Tag Archives: Meso-America

Maya Caste War of Yucatán

yucatan-map-yrCaste War of Yucatán

The Caste War of Yucatán (1847–1901) began with the revolt of native Maya people of Yucatán, Mexico against the population of European descent, called Yucatecos, who held political and economic control of the region.

A lengthy war ensued between the Yucateco forces in the north-west of the Yucatán and the independent Maya in the south-east. It officially ended with the occupation of the Maya capital of Chan Santa Cruz by the Mexican army in 1901, although skirmishes with villages and small settlements that refused to acknowledge Mexican control Continue reading

Maya Caste System

maya-society - hwsThe Mayan Class Structure
The social structure of ancient Mayan society
By Xolotl Huascar, 2002

The Mayan social stratification was very tightly knit into a multi-layered structure. It seemed to have incorporated the caste system, which meant that membership was hereditary and difficult to change caste. However, there were others who had more freedom and were able to freely move among the communities.

The top of the society was large and complex, consisting of the ruler, his family, their retainers, Continue reading

Five Suns

5 suns - mexicoloreFive Suns

The term Five Suns in the context of creation myths, describes the doctrine of the Aztec and other Nahua peoples in which the present world was preceded by four other cycles of creation and destruction. It is primarily derived from the mythological, cosmological and eschatological beliefs and traditions of earlier cultures from central Mexico and the Meso-american region in general. The Late Postclassic Aztec society inherited many traditions concerning Meso-american creation accounts, while however modifying some aspects and supplying novel interpretations of their own. Continue reading

Back to the Olmec (2)

Olmec_mask_in jade 802OLMEC ART AT DUMBARTON OAKS
Pre-Columbian Art at Dumbarton Oaks, No. 2
by Karl A. Taube, 2004

See part 1

The Olmec of Early Formative San Lorenzo

Archaeological excavations by Michael Coe and Richard Diehl (1980) and Ann Cyphers (1997, 1999) at San Lorenzo, Veracruz, have provided crucial insights into the Early Formative development of the Olmec. Composed of the San Lorenzo plateau and the nearby sites of Tenochtitlán and Potrero Nuevo, San Lorenzo appears to have been the preeminent Early Formative Olmec center and quite possibly for then-contemporaneous Mesoamerica as a whole.

The Ojochi phase (1500–1350 B.C.) marks the earliest pottery at San Lorenzo, and is roughly contemporaneous with the Mokaya Barra phase ceramics, of which it Continue reading

Back to the Olmec

Olmec-San_Lorenzo_Monument_3_cropOLMEC ART AT DUMBARTON OAKS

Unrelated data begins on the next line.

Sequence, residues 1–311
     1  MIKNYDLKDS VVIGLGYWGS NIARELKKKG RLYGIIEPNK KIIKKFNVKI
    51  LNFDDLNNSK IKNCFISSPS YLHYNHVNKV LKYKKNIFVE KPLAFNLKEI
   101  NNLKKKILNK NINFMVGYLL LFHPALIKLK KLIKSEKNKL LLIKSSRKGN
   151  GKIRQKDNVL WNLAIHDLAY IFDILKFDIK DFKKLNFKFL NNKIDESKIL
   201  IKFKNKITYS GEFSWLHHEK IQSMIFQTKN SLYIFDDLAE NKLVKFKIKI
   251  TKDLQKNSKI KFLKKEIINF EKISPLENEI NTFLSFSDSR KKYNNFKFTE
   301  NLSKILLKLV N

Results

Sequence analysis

by Karl A. Taube, 2004

INTRODUCTION

THE ORIGIN AND DEVELOPMENT OF OLMEC RESEARCH

 In 1912, when Robert Woods Bliss acquired a fine Olmec statuette as his first Pre-Columbian object, little was known of the Olmec and their relation to other cultures of ancient Mesoamerica.

In fact, when Bliss purchased this jade sculpture (Pl. 8), it was described as Aztec. Decades earlier, José María Melgar y Serrano (1869) had published the first account of an Olmec monument, a colossal stone head, Monument A, at the site of Tres Zapotes, but Melgar y Serrano saw [African] features and linked the figure to Africa, rather than recognizing it as a product of Pre-Columbian peoples. Subsequently, Alfredo Chavero (1887) also Continue reading

Eagle Spirit Feathers

intricate-feather-cutouts-chris-maynard-10Native American Feathers

Native American feathers are an important symbol of the Indian way of life. It is used to represent freedom, power, wisdom, honor, trust, strength, and much more. Feathers were seen in wardrobes, headpieces, adorning their homes, and tattooed on their bodies.

The Native American feather was given as a sign of respect and honor. A Native American who had a personal accomplishment or achieved something great for the tribe was often given feathers by chiefs or elders as a symbol of strength. The Native American with the most feathers in his headdress is usually the chief. Continue reading

Olmecs of Old Mexico

Olmec-San_Lorenzo_Colossal_Head_8
The Olmecs

[This article does not mention the Olmecs being African (or at least of African descent). 7M]

The Olmecs are deemed the first major civilization in Mexico. They lived in the tropical lowlands of south-central Mexico, in the modern-day states of Veracruz and Tabasco.

The name “Olmec” comes from the Nahuatl word for the Olmecs: Ōlmēcatl (singular) or Ōlmēcah (plural). This word is composed of the two words ōlli, meaning “rubber”, and mecatl, meaning “rope” or “people”, so the word means “rubber lineage or people”. [Olmecs: ol means old (ancient), and mecs means mex (mexico/mexicans). 7M]

The Tuxtlas Mountains rise sharply in the north, along the Gulf of Mexico’s Bay of Campeche. Here the Olmec constructed permanent city-temple complexes at San Lorenzo Tenochtitlán, La Venta, Tres Zapotes, and Laguna de los Cerros. In this region, the first Mesoamerican civilization emerged and reigned from c. 1500–400 BCE. The rise of civilization was assisted by the local ecology of well-watered alluvial soil, as well as by the transportation network provided by the Coatzacoalcos River basin.

 

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